The Met announced Thursday that Nézet-Séguin will open the season Sept. 21 with the company’s first new production of Verdi’s “Aida” in more than three decades, starring Anna Netrebko. He will conduct two new stagings by director Ivo van Hove: Mozart’s “Don Giovanni” and, in its Met premiere, Jake Heggie’s “Dead Man Walking.” And he will lead revivals of Beethoven’s “Fidelio,” Gounod’s “Roméo et Juliette” and Strauss’ “Die Frau Ohne Schatten.”
Nézet-Séguin had initially planned to start as music director next season but agreed to take on the title two years early, in a limited capacity, to help the company recover from allegations of sexual misconduct against his predecessor, James Levine. Now he will be a more regular presence.
“What’s great is he is approaching the Met repertoire like a big meal,” Peter Gelb, the company’s general manager, said in an interview. “He’s doing everything.”
The company also plans to mount its first production by Barrie Kosky, one of the most widely admired directors in opera: the Met premiere of Prokofiev’s “The Fiery Angel.” On New Year’s Eve it will present an inventive new production of Mozart’s “Die Zauberflöte,” directed by Simon McBurney and conducted by Gustavo Dudamel. (But the Met plans to keep the abridged, English-language version of the retiring Julie Taymor staging as a holiday presentation for families in future seasons.)
Netrebko unveils Abigaille in Verdi’s “Nabucco”; Angela Meade and Jamie Barton, a potent pairing at the Met in “Norma,” join for Donizetti’s “Roberto Devereux”; Anita Rachvelishvili reprises her galvanic Azucena in Verdi’s “Il Trovatore”; and the tenor Javier Camarena stars in Bellini’s “Il Pirata.” Richard Jones’ wicked staging of Humperdinck’s “Hansel and Gretel” returns, in English, as the family holiday presentation.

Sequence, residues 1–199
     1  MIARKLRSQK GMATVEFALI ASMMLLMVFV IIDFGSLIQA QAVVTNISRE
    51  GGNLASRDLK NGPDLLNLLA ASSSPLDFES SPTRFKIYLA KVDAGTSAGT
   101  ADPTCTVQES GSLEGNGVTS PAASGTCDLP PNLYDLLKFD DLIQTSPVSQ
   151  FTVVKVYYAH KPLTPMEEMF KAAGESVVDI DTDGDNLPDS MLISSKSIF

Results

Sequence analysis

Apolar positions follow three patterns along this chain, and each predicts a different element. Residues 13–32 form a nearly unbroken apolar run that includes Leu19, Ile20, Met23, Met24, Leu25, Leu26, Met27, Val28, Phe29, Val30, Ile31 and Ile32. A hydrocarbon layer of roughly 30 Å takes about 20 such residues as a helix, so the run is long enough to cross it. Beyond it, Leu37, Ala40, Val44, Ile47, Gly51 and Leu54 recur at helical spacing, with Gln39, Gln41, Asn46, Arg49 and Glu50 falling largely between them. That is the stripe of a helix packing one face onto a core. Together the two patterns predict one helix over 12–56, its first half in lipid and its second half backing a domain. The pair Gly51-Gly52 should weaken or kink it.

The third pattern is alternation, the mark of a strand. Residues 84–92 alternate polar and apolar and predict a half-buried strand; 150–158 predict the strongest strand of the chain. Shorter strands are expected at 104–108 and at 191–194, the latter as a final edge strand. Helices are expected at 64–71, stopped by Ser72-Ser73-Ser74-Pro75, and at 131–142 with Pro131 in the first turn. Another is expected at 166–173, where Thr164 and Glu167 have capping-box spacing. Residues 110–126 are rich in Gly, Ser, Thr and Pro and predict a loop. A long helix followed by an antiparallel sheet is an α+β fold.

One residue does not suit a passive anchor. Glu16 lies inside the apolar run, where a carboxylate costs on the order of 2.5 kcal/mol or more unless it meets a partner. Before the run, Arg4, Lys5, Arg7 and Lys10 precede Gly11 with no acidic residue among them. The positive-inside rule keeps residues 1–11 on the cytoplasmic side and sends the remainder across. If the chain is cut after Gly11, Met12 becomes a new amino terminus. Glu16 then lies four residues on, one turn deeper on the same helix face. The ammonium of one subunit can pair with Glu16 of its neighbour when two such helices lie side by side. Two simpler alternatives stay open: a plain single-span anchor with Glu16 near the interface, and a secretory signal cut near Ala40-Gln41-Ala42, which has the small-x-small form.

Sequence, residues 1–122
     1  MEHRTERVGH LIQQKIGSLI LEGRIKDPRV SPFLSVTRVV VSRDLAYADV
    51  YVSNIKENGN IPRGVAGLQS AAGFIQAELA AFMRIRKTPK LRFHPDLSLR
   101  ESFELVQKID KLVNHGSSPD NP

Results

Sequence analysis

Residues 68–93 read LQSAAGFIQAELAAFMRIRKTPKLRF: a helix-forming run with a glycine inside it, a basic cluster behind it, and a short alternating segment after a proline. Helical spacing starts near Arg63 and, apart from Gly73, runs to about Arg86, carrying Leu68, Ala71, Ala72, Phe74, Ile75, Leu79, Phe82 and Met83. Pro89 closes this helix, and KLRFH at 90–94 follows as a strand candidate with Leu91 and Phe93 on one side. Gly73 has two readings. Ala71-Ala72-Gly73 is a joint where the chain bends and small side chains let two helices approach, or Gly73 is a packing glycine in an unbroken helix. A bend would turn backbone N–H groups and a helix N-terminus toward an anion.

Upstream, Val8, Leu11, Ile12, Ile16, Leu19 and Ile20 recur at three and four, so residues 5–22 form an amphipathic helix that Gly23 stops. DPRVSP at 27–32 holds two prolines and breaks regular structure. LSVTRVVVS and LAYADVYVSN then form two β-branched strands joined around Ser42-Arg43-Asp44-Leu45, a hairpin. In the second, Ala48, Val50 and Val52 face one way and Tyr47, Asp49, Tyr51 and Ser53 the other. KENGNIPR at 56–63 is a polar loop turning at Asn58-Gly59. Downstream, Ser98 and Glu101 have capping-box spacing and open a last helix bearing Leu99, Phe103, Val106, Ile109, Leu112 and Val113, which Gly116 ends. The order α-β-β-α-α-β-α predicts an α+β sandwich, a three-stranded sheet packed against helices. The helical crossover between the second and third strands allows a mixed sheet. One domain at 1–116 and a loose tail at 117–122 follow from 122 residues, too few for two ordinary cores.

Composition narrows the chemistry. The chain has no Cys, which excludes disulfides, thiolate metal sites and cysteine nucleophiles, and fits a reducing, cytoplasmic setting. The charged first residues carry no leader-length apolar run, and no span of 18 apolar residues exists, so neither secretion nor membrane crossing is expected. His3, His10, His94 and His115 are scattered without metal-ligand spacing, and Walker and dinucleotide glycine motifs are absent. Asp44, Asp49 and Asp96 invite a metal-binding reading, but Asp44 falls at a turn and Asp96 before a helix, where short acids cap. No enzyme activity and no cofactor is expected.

The Met will go dark in February, when its sales have typically been slowest, and extend its season until June 5, taking some weeks formerly used by American Ballet Theater. There will be more of the Sunday matinees the company began this season: 22, up from the current 16, all of which will be followed by post-performance talks.
It’s a big season, with 23 operas on offer. Here are the highlights, chosen by writers of The New York Times.
I confess I’ll miss the Met’s solidly gargantuan old “Aida” production. And director Michael Mayer’s track record with Verdi — half-baked, Vegas-theme “Rigoletto,” turgidly traditional “La Traviata” — doesn’t fill me with hope for his new staging’s visual glamour or interpretive acuity. But it will offer Nézet-Séguin and Netrebko’s first full production together, and an opening night cast — also including Rachvelishvili, Piotr Beczala and Ludovic Tézier — that probably can’t be bettered in the world today. — ZACHARY WOOLFE
‘Tristan und Isolde’
Christine Goerke, a celebrated Brünnhilde last season in the “Ring,” is scaling a new Wagnerian summit: Isolde. She will sing it opposite Stuart Skelton’s Tristan in Mariusz Trelinski’s bleak but powerful production, opening Oct. 17, with a cast that also includes frequent scene-stealer Günther Groissböck as King Marke. It will be the Met debut of the German conductor Hartmut Haenchen, 76, who has been praised for his Wagner performances at the Bayreuth Festival and at Dutch National Opera, where he was music director. — MICHAEL COOPER
‘The Fiery Angel’